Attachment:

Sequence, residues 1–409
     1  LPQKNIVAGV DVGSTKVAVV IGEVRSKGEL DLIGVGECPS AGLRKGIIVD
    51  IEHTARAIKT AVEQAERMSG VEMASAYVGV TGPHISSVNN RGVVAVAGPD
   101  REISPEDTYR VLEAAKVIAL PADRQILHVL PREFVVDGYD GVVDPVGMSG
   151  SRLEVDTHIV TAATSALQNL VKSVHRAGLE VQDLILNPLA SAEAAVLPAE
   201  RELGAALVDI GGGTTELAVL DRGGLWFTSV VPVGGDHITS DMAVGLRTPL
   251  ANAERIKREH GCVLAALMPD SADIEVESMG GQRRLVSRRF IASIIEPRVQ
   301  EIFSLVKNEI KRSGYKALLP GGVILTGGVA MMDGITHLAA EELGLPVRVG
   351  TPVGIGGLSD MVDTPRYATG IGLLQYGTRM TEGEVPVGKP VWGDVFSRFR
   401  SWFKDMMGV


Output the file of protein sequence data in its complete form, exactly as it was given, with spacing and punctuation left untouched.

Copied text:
Sequence, residues 1–409
     1  LPQKNIVAGV DVGSTKVAVV IGEVRSKGEL DLIGVGECPS AGLRKGIIVD
    51  IEHTARAIKT AVEQAERMSG VEMASAYVGV TGPHISSVNN RGVVAVAGPD
   101  REISPEDTYR VLEAAKVIAL PADRQILHVL PREFVVDGYD GVVDPVGMSG
   151  SRLEVDTHIV TAATSALQNL VKSVHRAGLE VQDLILNPLA SAEAAVLPAE
   201  RELGAALVDI GGGTTELAVL DRGGLWFTSV VPVGGDHITS DMAVGLRTPL
   251  ANAERIKREH GCVLAALMPD SADIEVESMG GQRRLVSRRF IASIIEPRVQ
   301  EIFSLVKNEI KRSGYKALLP GGVILTGGVA MMDGITHLAA EELGLPVRVG
   351  TPVGIGGLSD MVDTPRYATG IGLLQYGTRM TEGEVPVGKP VWGDVFSRFR
   401  SWFKDMMGV